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Local Thespians Shine

October 2004
Local Thespians Shine

Incredible! The fact that working professionals with a love for theater were able to stage satirist Sharad Joshi's "Ek Tha Gadha" is testimony to their talent. Saakaar, an Atlanta-based theater group, performed "Ek Tha Gadha" at two different locations in the city on Sep 4, 11 and 12.

Sharad Joshi is credited for having written a gamut of plays and TV serials like "Yeh Jo Hai Zindagi". In this production one witnesses the dramatist's characteristic wit. Written over two decades ago the story brings to light the exploitation of the common man at the hands of machinating politicians. The theme transcends time, countries and cultures.

From the opening act, the contrast between the ruling class and the subservient masses is brought into sharp focus. The egotistical Nawab, forever surrounded by his pontificating "chintaks," is constantly scheming, mostly about how to continue to push up his own stock amongst his constituents. At the other end of the spectrum a roadside paanwalla and his customers deliberate over their quotidian chores and woes. The play is a rib-tickling comedy on the surface that unearths horrifying truths about how dispensable the common man is to those in power.

Under the astute direction of Anuraag Misraraj this two-act political satire was hugely entertaining. As the name suggests, the plot revolves around a donkey named Alladad. A dhobi's trusted helper, Alladad's demise leaves his master crestfallen. Like water flowing around rocks the news of Alladad's passing makes its way to the Nawab ? a crafty leader who will stop at nothing to garner goodwill and political mileage. In an attempt to portray himself as a caring custodian of the masses, the Nawab proclaims that he will personally give shoulder to Alladad's corpse at a funeral fitting for a royal. Why would the Nawab orchestrate a donkey's funeral? Mistaken identity. He is led to believe that Alladad is a person!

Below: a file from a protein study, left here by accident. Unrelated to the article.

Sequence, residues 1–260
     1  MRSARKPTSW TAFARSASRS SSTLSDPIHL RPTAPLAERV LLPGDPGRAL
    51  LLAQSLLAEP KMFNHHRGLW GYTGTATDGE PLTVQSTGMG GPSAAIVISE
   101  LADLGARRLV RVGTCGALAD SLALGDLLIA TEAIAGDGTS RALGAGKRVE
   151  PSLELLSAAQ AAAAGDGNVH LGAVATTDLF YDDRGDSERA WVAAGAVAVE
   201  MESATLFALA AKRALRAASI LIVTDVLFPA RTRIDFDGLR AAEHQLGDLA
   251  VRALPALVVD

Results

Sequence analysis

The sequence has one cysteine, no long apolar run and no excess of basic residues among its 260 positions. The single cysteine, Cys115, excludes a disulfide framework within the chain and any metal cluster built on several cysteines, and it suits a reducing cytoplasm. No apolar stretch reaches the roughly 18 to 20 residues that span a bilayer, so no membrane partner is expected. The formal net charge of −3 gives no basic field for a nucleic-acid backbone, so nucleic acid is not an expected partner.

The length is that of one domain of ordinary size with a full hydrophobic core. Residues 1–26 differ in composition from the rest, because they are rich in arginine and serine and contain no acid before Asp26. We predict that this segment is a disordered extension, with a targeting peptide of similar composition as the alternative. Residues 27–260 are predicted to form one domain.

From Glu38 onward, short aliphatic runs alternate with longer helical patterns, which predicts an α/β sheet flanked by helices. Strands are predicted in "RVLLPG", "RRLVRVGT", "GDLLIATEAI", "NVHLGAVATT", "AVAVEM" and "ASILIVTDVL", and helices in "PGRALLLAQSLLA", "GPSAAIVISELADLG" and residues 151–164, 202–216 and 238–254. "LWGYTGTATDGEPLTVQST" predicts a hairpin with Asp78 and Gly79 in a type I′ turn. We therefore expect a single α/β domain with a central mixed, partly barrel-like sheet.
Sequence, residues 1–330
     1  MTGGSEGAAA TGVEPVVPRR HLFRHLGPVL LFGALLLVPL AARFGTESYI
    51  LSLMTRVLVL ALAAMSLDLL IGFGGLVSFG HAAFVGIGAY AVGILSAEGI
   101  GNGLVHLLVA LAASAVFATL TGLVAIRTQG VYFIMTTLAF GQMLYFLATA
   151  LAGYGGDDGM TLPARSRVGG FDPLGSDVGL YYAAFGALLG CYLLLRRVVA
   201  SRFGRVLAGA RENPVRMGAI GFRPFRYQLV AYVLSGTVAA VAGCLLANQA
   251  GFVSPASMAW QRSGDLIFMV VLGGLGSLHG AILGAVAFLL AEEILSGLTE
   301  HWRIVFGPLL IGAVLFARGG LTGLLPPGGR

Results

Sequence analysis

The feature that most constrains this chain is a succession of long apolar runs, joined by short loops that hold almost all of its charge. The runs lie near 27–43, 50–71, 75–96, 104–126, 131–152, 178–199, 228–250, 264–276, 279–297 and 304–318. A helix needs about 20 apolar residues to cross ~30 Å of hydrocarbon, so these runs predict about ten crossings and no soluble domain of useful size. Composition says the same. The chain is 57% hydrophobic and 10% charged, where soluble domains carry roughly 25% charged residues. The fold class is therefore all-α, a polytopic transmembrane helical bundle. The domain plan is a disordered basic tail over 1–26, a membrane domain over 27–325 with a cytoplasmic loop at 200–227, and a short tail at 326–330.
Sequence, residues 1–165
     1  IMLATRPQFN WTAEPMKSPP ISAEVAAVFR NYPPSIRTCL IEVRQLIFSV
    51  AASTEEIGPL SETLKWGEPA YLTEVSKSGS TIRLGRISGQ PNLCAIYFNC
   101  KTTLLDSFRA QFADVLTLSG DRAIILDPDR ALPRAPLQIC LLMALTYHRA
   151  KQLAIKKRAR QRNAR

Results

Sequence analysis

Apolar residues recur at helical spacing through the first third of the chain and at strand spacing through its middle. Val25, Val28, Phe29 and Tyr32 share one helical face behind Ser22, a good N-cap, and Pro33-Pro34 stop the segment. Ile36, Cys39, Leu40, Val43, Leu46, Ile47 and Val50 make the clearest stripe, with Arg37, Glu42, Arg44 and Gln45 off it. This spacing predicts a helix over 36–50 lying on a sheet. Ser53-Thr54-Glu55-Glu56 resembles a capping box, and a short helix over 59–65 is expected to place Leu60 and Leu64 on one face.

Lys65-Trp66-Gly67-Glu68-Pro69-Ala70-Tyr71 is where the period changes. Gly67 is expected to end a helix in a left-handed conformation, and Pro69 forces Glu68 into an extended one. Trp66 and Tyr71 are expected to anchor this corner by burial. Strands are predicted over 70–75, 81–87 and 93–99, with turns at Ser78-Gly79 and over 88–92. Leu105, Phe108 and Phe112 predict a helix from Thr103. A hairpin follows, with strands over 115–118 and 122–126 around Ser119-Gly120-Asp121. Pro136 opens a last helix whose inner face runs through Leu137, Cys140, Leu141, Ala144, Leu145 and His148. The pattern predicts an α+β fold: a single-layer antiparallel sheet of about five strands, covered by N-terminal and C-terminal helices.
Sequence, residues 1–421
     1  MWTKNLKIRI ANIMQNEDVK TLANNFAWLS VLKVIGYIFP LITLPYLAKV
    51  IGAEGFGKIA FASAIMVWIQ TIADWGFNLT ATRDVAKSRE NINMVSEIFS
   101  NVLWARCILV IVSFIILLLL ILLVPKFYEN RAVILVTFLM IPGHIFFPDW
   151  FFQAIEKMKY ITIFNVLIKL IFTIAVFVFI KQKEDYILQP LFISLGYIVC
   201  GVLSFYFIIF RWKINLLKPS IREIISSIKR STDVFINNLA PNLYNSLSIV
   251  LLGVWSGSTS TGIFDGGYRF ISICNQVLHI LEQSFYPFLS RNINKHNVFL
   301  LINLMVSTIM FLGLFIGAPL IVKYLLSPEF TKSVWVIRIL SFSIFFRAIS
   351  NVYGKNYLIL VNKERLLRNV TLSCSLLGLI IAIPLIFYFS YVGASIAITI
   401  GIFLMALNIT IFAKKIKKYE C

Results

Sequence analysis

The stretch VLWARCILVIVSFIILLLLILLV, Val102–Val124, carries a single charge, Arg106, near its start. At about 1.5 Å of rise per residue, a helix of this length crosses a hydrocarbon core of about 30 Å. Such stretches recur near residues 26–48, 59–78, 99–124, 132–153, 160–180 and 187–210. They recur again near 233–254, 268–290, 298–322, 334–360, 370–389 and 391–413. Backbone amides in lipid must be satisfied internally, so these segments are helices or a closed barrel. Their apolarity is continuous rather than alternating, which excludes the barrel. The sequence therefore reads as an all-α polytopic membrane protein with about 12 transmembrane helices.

It turns out there indeed is a person by the name of Alladad who incidentally is in perfect health. What does the Nawab do when Alladad is presented before him? How does the Nawab save face in front of the teeming crowds that have congregated for Alladad's elaborate funeral procession? I'll let you play president and decide for yourself.

The talented thespians deliver Joshi's sharp-witted dialogues with practiced ease. Amitabh Sharma, a seasoned actor, plays the quintessential Kotwal who bullies people for a living but is not beyond the fangs of superior powers. His spirited performance was very entertaining. Swaroop Nyshadham has much acting experience under his belt and here, he morphs into the character of the Nawab with diabolic finesse. Nyshadham could teach present-day politicians a lesson or two ? he was charismatic, impish and absolutely convincing. Puja Mathur's portrayal of a sabziwali was impeccable.

In an attempt to present the drama in traditional Indian form, Misraraj interspersed music and dance in both acts. Kumud Savla's graceful dances and Sandeep Savla's music earned much applause. When Khabar asked a spectator in the audience to comment on the play, she said, "I enjoyed it because it was heavy but funny."

Saakar, a collective formed by local talent, crystallized a year ago and has staged three plays since then. Addressing the audience, producer and director Misraraj said, "We attempt to stage both Indian and Western productions." In the past Saakaar has presented "The Odd Couple" and "Rumors", both by Neil Simon and "Ballabhpur Ki Roopkatha" by Badal Sarkar. One hopes to see many more productions from these gifted performers in the future. Applause!

-Reetika Nijhawan

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